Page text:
• Share
  • Email
  • Embed
  • Like
  • Save
  • Private Content
PacSec2007: TOMOYO Linux: A Practical Method to Understand and Protect Your Own Linux Box
 

PacSec2007: TOMOYO Linux: A Practical Method to Understand and Protect Your Own Linux Box

on

  • 1,611 views

PacSec 2007 presentation

PacSec 2007 presentation

Statistics

Views

Total Views
1,611
Views on SlideShare
1,336
Embed Views
275

Actions

Likes
0
Downloads
27
Comments
0

3 Embeds 275

http://tomoyo.sourceforge.jp 178
http://www11.plala.or.jp 96
http://translate.googleusercontent.com 1

Accessibility

Upload Details

Uploaded via as Adobe PDF

Usage Rights

© All Rights Reserved

Report content

Flagged as inappropriate Flag as inappropriate
Flag as inappropriate

Select your reason for flagging this presentation as inappropriate.

Cancel
  • Full Name Full Name Comment goes here.
    Are you sure you want to
    Your message goes here
    Processing…
Post Comment
Edit your comment

    PacSec2007: TOMOYO Linux: A Practical Method to Understand and Protect Your Own Linux Box PacSec2007: TOMOYO Linux: A Practical Method to Understand and Protect Your Own Linux Box Presentation Transcript

    • TOMOYO® Linux: A Practical Method to Understand and Protect Your Own Linux Box Nov. 29, 2007 Toshiharu Harada <haradats@nttdata.co.jp> Research and Development Headquarters NTT DATA CORPORATION
    • Outline Looking Back Linux Security What is TOMOYO Linux How TOMOYO Linux Compares to Other? 2007-11-29 PacSec 2007 Copyright(c) 2007 NTT DATA CORPORATION 1
    • Incidents Occur Let’s dig it to see how it could happen: 1. shell code … is caused by 2. buffer overflow attack … is caused by 3. vulnerability … is caused by 4. human err … *THE END* (can’t dig further) So, no one can stop incidents. 2007-11-29 PacSec 2007 Copyright(c) 2007 NTT DATA CORPORATION 2
    • What human can do is Limiting the extent of damage. How? Brightest invention of “Mandatory Access Control” It has become available to even Open Source Software including Linux and other mainstream OSes. Problem still remains … Managing proper policies is not easy. 2007-11-29 PacSec 2007 Copyright(c) 2007 NTT DATA CORPORATION 3
    • Why Managing Policy is Such Difficult? Because It’s in the bottom layer (kernel), not in the human understandable layer. Programmers have to understand about the complexities that are usually encapsulated by libraries and middleware. The differences of manners between Linux kernel and Human understandings. Human and Linux Boxes can live without policies. 2007-11-29 PacSec 2007 Copyright(c) 2007 NTT DATA CORPORATION 4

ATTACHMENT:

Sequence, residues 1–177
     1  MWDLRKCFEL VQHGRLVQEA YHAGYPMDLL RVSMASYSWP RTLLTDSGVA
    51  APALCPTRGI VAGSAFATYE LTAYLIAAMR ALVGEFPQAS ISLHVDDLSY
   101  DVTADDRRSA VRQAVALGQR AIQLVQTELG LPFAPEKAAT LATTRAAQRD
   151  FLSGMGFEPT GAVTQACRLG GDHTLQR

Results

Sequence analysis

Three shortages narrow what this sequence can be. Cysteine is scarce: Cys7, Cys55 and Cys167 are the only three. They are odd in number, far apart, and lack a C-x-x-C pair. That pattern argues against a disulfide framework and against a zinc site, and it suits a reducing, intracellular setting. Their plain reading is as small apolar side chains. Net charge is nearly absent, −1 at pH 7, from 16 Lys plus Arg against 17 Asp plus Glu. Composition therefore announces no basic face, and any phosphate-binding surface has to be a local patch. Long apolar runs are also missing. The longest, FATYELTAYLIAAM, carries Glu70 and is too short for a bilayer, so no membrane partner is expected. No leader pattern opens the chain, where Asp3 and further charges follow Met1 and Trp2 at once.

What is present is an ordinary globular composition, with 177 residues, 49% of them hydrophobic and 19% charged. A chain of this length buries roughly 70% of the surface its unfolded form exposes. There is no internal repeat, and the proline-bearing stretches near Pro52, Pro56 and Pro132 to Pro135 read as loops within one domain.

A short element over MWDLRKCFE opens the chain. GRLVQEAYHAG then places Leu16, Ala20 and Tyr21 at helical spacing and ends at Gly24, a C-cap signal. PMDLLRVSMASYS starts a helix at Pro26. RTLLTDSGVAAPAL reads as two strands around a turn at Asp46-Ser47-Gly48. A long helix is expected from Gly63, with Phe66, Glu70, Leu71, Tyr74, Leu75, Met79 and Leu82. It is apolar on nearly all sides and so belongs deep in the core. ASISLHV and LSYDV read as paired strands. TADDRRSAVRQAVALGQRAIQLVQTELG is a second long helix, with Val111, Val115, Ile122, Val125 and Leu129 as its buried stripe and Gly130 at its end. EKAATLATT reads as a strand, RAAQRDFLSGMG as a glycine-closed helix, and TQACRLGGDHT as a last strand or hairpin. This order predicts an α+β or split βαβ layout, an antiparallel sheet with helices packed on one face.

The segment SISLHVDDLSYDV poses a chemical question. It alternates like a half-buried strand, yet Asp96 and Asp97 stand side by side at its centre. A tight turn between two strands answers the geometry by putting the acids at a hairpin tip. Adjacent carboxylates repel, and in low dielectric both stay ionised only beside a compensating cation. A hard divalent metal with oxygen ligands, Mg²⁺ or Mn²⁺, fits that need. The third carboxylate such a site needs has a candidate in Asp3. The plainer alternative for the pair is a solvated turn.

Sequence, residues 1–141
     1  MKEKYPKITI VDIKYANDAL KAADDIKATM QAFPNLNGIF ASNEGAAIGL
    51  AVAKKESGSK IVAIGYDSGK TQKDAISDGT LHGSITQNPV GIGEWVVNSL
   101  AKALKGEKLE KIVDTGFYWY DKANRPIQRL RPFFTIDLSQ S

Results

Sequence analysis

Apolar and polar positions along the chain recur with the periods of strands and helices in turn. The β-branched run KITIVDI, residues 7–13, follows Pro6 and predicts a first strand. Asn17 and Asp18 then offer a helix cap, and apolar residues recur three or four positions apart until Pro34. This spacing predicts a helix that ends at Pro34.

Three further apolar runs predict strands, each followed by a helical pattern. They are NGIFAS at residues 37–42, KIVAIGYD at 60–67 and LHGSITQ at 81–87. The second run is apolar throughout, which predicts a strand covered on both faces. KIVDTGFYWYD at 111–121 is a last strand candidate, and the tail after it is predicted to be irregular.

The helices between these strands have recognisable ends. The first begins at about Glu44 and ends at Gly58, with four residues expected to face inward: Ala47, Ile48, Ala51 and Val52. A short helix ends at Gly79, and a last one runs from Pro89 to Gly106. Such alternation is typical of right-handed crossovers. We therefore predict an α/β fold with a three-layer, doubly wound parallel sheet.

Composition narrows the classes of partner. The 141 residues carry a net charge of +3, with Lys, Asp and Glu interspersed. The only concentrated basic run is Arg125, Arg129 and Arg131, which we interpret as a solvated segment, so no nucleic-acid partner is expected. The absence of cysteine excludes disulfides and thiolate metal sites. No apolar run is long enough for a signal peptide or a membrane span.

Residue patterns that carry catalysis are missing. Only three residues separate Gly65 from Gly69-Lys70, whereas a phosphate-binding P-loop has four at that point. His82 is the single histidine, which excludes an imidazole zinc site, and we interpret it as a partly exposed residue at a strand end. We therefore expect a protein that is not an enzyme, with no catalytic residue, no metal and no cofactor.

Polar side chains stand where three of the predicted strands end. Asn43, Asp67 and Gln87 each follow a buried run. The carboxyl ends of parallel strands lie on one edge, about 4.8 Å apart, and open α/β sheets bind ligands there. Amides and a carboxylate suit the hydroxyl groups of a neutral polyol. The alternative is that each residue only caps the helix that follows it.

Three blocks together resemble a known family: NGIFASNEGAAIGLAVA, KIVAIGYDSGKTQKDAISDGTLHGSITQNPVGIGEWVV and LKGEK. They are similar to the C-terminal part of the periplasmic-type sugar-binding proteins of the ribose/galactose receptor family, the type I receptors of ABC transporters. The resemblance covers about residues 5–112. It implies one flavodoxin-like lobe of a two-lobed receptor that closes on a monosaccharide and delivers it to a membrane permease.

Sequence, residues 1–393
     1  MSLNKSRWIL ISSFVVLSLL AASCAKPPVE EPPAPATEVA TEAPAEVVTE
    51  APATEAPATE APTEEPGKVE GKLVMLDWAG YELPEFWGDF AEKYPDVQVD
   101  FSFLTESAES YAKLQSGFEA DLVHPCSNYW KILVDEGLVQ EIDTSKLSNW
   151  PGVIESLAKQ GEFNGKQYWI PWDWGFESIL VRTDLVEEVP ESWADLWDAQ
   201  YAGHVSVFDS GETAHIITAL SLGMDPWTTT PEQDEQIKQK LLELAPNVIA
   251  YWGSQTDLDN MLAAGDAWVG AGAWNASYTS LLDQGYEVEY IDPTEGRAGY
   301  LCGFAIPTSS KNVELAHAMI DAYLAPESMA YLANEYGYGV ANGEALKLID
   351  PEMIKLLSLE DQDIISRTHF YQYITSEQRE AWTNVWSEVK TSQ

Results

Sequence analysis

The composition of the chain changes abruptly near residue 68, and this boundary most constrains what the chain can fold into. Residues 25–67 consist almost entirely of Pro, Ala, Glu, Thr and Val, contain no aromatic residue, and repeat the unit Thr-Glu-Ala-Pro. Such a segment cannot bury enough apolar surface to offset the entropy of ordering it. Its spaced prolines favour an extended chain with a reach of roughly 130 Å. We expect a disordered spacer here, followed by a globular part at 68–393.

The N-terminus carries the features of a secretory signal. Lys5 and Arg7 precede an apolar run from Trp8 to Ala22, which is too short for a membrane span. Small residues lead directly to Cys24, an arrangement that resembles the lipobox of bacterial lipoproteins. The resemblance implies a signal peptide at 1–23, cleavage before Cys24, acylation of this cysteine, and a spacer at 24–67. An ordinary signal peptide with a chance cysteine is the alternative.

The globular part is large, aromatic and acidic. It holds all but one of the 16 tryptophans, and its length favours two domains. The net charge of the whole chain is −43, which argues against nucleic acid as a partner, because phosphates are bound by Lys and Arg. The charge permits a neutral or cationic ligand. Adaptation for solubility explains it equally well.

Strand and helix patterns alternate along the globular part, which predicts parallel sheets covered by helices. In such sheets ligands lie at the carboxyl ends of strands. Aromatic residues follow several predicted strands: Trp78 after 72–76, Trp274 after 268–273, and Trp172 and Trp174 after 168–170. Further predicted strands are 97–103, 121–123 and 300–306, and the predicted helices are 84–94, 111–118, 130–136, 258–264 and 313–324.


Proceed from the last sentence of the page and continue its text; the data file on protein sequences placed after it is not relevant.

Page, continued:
• Two Approaches Towards the Single Goal Goal To obtain the appropriate policies. Approaches “Catering” vs. DIY “Catering” means: Someone cooks and deliver dishes. Users (you!) just eat their dishes. DIY means cook by yourself and eat by yourself In other words: Professional vs. Amateur 2007-11-29 PacSec 2007 Copyright(c) 2007 NTT DATA CORPORATION 5
    • Time to Introduce the Players “Professional” team: SELinux by NSA Users are suppose to apply professionally ready made policies. “Amateur” team: TOMOYO Linux automatic “policy learning mode” is available. Somewhere in-between: AppArmor (formerly known as SubDomain) Promising rookie: Smack (Simplified Mandatory Access Control Kernel) 2007-11-29 PacSec 2007 Copyright(c) 2007 NTT DATA CORPORATION 6
    • At a Glance Comparison http://tomoyo.sourceforge.jp/wiki-e/?WhatIs#comparison (live complicated table with useful links) 2007-11-29 PacSec 2007 Copyright(c) 2007 NTT DATA CORPORATION 7
    • What Item is Important? In my humble view: Whether you like “professional security” way of thinking or not Your DIY spirit (or Your love for your Linux box) Number of the Linux boxes you need to manage Functional requirements (this is the easier part) If you need “more”, probably SELinux is the best. Please be advised to “read” the policies before you make decisions. ☺ If you don’t like/understand policies, you should not choose it. Using secure OS is managing its policies. (by ME) 2007-11-29 PacSec 2007 Copyright(c) 2007 NTT DATA CORPORATION 8
    • “Professional Policy” Quote from LKML ever lasting AppArmor’s thread SELinux expert, Kyle Moffet wrote: Average users are not supposed to be writing security policy. To be honest, even average-level system administrators should not be writing security policy. It's OK for such sysadmins to tweak existing policy to give access to additional web-docs or such, but only expert sysadmin/developers or security professionals should be writing security policy. It's just too damn easy to get completely wrong. http://lkml.org/lkml/fancy/2007/5/28/359 Having a SELinux is a glory, but if you use it today, you will need some hustle. If you can bare it, SELinux should be the first secure Linux for you. 2007-11-29 PacSec 2007 Copyright(c) 2007 NTT DATA CORPORATION 9
    • Outline Looking Back Linux Security What is TOMOYO Linux How TOMOYO Linux Compares to Other? 2007-11-29 PacSec 2007 Copyright(c) 2007 NTT DATA CORPORATION 10
    • Motivation Questions Who knows best about your Linux box? Who is responsible for your Linux box? I assume It’s YOU, isn’t it? You might not be a professional security architect or a SELinux guru, but you can be an expert of YOUR own Linux box. So, we are developing DIY tool for you. That is “TOMOYO Linux”. 2007-11-29 PacSec 2007 Copyright(c) 2007 NTT DATA CORPORATION 11
    • Let’s Go Back to the Needs The title of this presentation is “TOMOYO Linux: A Practical Method to Understand and Protect Your Own Linux Box”. Why to protect? (protect from what?) Malicious attacks. Operations by mistake. Your wife to skim your secret data. 2007-11-29 PacSec 2007 Copyright(c) 2007 NTT DATA CORPORATION 12